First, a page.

Saturday, February 16, 2008
I first encountered Lewis Wolpert in 1992 when my book Understanding the Present was published. There was a debate at London University. I had never done any public speaking before and Lewis, a suave performer, tore me apart. Since then we have become friends, though he still regards everything I say with unalloyed contempt. It's an odd friendship. Never having had much faith in my own insights, I find his derision bracing. But I am sure that he's missing the point in his contempt for philosophy and his repeated insistence that, in effect, there is only science. I seem to recall I only once got this through to him on Radio 4's Today programme by pointing out that we should beware of our certainties since we were only passing through. Anyway, yesterday I heard him on the radio saying, as he always does, that science offends common sense. Look at the cell, he said, surely it is against common sense to believe that our bodies are made of cells, yet that is what science has taught us. But if we do look at our bodies through the eyes of common sense, it is clear that they must be made of something and, whatever it is, it must be fairly strange stuff. There is nothing about cells, therefore, that offends common sense. Lewis, I realised, underestimates the oddity of knowing anything at all, of being human. But, in doing so, he is, as I say, bracing.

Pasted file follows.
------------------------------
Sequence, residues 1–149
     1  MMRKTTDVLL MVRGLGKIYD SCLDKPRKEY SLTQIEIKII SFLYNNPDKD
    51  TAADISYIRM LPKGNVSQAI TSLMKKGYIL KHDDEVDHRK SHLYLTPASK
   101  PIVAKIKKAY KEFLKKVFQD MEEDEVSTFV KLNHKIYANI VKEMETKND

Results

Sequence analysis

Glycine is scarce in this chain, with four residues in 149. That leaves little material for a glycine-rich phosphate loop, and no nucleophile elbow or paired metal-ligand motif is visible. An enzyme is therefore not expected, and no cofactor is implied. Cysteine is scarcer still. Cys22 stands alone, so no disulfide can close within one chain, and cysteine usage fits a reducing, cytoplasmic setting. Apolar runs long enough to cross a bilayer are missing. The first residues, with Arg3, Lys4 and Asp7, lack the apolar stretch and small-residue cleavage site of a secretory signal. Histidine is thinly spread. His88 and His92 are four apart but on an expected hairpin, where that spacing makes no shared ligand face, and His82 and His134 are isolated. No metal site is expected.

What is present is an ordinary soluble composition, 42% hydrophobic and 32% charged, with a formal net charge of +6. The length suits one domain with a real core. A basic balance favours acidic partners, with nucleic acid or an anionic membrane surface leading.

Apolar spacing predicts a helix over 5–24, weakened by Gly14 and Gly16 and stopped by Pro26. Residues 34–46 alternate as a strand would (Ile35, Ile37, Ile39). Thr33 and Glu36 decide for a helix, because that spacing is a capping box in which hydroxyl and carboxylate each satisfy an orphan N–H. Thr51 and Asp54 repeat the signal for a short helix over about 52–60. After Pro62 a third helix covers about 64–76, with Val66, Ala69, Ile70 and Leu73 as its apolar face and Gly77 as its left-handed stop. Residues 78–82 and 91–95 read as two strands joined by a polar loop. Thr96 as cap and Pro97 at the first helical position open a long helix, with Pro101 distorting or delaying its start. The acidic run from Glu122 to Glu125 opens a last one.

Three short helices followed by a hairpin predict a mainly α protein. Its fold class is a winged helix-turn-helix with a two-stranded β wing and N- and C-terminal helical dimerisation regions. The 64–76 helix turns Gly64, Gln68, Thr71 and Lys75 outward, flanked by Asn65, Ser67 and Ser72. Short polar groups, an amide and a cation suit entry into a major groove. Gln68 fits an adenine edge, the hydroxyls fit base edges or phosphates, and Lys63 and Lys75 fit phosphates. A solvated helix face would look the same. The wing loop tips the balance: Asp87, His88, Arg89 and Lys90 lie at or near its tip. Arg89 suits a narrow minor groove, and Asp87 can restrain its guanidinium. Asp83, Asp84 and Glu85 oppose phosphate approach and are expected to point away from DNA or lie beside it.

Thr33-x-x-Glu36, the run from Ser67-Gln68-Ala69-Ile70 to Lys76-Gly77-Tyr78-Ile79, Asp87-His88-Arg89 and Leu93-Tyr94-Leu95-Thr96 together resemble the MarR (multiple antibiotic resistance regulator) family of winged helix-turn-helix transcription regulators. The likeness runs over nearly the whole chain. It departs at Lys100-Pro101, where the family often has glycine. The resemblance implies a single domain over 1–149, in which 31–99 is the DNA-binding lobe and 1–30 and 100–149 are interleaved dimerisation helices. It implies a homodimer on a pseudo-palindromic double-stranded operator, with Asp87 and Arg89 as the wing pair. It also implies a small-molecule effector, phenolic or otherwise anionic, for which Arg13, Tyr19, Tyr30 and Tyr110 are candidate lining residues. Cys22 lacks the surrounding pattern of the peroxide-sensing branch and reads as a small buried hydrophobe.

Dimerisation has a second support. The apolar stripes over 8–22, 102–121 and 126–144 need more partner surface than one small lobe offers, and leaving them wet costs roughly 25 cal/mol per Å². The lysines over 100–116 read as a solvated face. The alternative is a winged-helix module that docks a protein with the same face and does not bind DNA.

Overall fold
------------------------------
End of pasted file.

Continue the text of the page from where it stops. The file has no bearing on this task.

Posted by Bryan Appleyard at 6:55 am